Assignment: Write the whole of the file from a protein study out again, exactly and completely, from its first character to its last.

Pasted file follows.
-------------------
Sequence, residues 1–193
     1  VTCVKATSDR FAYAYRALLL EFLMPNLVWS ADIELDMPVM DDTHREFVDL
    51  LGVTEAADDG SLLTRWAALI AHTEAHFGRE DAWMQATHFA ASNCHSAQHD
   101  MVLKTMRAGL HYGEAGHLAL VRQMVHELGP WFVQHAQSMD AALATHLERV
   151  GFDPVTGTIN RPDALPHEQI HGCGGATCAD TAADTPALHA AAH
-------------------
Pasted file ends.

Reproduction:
Sequence, residues 1–193
     1  VTCVKATSDR FAYAYRALLL EFLMPNLVWS ADIELDMPVM DDTHREFVDL
    51  LGVTEAADDG SLLTRWAALI AHTEAHFGRE DAWMQATHFA ASNCHSAQHD
   101  MVLKTMRAGL HYGEAGHLAL VRQMVHELGP WFVQHAQSMD AALATHLERV
   151  GFDPVTGTIN RPDALPHEQI HGCGGATCAD TAADTPALHA AAH